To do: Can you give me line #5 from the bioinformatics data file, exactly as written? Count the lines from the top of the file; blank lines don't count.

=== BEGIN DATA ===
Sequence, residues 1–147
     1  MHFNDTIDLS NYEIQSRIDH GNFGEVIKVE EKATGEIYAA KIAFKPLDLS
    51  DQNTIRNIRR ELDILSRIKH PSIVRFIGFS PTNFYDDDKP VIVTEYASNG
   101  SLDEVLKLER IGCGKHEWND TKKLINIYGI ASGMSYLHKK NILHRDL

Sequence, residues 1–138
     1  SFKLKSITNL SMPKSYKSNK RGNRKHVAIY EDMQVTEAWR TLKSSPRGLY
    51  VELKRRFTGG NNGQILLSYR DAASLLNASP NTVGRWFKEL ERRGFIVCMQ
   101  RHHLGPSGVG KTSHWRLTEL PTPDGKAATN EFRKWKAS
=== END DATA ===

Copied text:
Sequence, residues 1–138